If you compare my appearance to my father’s, you will see our high cheekbones, smiles that don’t reach too wide and deep brown eyes that light up amber in the sunlight. We have the same shape of face with a nose that tips downward when we smile, and we inherited it all from my grandfather.
But what about the things we don’t want to inherit? The things that we reject? I see and have felt the way my father inherited that violence from my grandfather, passing it on, and how it created a death in our household: his own.
My grandfather used to be a violent man. Even though the man I knew was never violent, I found through conversations with my mother that the man that my father knew growing up was quite different. When we spoke on the phone, I asked my grandpa a complicated question: “Where do you think that violence came from?” He paused before answering. “I would say it came from them ripping us out of our home.”
My grandfather then told me the story of when he and his siblings were taken away from their mother and how something in him died that day. A hardness took over his boyhood and followed him for years. “Too many years,” he said. I always knew him as a big, tough, strong man with those old ideals of masculinity coursing through his blood, but when he told me his story, tears streamed down his face freely.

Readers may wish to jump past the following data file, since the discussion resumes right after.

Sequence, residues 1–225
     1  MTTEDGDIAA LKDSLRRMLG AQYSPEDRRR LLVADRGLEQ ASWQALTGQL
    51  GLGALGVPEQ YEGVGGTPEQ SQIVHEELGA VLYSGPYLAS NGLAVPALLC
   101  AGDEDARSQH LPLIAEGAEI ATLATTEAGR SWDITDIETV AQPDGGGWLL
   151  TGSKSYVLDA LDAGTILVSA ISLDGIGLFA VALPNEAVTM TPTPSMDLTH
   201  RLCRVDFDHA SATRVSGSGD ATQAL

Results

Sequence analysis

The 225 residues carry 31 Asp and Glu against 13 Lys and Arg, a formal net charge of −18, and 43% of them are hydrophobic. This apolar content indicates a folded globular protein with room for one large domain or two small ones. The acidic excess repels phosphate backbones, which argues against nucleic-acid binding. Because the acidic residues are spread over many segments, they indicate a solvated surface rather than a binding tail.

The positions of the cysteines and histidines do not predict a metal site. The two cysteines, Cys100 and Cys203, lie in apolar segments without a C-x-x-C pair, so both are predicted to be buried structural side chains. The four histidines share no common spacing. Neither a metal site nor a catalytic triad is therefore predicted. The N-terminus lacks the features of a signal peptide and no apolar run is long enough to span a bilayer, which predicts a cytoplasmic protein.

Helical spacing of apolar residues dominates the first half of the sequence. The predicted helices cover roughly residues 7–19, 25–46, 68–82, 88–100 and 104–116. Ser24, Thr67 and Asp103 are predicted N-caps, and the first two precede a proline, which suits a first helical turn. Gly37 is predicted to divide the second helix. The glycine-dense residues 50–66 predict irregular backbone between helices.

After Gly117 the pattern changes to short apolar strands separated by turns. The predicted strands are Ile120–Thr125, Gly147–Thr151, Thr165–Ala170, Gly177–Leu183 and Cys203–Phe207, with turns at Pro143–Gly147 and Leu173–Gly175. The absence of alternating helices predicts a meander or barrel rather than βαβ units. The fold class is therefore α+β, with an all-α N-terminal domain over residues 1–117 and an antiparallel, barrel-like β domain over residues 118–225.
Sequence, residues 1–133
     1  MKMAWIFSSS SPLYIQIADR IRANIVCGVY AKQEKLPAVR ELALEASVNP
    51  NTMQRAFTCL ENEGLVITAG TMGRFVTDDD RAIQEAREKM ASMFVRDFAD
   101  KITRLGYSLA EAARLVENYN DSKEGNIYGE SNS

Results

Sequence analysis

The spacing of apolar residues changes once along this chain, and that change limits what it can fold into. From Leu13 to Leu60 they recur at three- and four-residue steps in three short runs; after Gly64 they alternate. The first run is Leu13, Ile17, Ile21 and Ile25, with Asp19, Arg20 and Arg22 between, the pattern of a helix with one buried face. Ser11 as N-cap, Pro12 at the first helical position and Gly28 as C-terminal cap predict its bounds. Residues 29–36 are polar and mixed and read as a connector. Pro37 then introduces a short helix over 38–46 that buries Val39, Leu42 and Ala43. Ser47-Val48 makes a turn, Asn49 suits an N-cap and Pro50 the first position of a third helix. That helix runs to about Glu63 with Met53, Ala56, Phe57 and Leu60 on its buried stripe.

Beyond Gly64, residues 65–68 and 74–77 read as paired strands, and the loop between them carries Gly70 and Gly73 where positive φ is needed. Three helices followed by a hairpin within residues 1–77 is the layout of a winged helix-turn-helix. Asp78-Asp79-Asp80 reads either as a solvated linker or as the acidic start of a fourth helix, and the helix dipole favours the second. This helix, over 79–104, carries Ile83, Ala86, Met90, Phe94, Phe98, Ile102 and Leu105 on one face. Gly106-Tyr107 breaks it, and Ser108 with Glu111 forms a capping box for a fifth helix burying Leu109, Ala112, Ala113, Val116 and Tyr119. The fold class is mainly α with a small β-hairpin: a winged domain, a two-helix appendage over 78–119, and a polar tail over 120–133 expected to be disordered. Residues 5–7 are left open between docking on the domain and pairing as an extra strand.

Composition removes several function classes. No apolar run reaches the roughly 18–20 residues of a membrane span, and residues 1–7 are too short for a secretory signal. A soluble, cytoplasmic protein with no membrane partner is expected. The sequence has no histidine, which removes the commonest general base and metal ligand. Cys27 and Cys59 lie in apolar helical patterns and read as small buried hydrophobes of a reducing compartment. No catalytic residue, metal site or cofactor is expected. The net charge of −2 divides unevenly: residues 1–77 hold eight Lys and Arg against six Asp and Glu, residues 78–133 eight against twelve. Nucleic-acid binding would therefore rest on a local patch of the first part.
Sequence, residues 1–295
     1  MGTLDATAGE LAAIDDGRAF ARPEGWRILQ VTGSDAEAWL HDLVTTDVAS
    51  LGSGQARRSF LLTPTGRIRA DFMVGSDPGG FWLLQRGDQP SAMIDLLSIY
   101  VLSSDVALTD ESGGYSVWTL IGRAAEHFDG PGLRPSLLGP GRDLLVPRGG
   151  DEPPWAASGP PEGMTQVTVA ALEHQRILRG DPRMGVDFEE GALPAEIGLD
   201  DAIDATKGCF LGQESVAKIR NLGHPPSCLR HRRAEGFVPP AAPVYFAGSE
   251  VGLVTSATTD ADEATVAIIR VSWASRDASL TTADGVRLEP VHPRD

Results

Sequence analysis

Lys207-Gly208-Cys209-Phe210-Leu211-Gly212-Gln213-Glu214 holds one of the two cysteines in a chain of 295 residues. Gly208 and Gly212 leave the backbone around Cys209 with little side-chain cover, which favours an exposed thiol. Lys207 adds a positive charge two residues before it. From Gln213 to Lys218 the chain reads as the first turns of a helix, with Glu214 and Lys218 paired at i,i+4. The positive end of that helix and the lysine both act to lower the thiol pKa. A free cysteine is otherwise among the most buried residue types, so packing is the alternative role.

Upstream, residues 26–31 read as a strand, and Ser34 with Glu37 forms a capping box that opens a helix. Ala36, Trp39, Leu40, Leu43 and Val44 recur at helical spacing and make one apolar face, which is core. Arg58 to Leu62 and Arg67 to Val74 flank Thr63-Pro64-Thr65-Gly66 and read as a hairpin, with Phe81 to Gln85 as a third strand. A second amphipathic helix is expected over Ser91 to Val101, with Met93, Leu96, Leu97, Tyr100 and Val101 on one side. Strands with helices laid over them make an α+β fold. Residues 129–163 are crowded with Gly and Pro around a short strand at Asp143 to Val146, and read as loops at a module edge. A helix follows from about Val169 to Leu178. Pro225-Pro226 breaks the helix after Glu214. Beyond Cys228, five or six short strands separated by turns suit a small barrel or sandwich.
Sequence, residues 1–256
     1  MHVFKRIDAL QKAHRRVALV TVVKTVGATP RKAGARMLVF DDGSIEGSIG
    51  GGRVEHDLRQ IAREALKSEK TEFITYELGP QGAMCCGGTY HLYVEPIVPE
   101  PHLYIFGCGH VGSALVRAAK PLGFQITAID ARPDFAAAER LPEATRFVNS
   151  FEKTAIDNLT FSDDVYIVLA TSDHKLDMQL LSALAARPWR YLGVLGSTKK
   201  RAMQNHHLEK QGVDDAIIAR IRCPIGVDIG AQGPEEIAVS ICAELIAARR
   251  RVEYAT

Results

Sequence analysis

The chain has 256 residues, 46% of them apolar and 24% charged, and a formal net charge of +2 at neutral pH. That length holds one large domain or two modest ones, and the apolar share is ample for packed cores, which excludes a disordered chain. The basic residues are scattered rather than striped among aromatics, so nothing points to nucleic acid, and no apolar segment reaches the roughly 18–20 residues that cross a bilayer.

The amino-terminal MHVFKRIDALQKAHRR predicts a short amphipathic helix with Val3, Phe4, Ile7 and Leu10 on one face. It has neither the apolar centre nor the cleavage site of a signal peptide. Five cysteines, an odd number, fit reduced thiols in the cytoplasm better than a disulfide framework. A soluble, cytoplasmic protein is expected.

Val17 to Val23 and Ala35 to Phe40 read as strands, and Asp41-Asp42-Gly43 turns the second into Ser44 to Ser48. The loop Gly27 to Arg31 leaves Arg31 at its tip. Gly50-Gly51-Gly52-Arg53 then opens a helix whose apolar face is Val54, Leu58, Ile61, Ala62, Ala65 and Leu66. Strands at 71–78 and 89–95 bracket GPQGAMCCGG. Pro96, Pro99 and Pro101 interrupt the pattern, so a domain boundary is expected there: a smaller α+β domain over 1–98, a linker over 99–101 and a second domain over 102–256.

Intergenerational trauma describes how trauma travels down through our lineage, and the Sixties Scoop and residential school system are two clear contributors for my family. What happened continues to hurt survivors and even their children’s children. A collective trauma. A disruption in the lineage. As I begin to process what happened to my ancestors, I can feel the residue of the brutal breakdown of a family structure. I can’t help but wonder how different our family would have been if my grandfather wasn’t taken away and exposed to the violence that he experienced in all of those foster families. And so I grieve what could have been: a healthier, happier us.